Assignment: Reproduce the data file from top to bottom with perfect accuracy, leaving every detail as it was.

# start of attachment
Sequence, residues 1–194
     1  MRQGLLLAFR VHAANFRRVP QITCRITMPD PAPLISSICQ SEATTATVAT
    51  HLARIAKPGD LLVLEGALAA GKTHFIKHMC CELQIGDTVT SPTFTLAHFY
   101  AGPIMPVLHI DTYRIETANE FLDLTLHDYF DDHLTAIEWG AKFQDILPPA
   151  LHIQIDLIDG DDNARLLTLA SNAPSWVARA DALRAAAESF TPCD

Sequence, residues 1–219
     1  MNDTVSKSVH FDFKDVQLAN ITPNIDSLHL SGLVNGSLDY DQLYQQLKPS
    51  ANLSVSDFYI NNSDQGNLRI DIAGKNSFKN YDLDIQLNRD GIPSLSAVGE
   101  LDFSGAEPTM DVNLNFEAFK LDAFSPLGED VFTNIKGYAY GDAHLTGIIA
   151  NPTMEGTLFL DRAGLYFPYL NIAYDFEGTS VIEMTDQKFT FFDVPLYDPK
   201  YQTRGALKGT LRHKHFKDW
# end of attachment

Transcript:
Sequence, residues 1–194
     1  MRQGLLLAFR VHAANFRRVP QITCRITMPD PAPLISSICQ SEATTATVAT
    51  HLARIAKPGD LLVLEGALAA GKTHFIKHMC CELQIGDTVT SPTFTLAHFY
   101  AGPIMPVLHI DTYRIETANE FLDLTLHDYF DDHLTAIEWG AKFQDILPPA
   151  LHIQIDLIDG DDNARLLTLA SNAPSWVARA DALRAAAESF TPCD

Sequence, residues 1–219
     1  MNDTVSKSVH FDFKDVQLAN ITPNIDSLHL SGLVNGSLDY DQLYQQLKPS
    51  ANLSVSDFYI NNSDQGNLRI DIAGKNSFKN YDLDIQLNRD GIPSLSAVGE
   101  LDFSGAEPTM DVNLNFEAFK LDAFSPLGED VFTNIKGYAY GDAHLTGIIA
   151  NPTMEGTLFL DRAGLYFPYL NIAYDFEGTS VIEMTDQKFT FFDVPLYDPK
   201  YQTRGALKGT LRHKHFKDW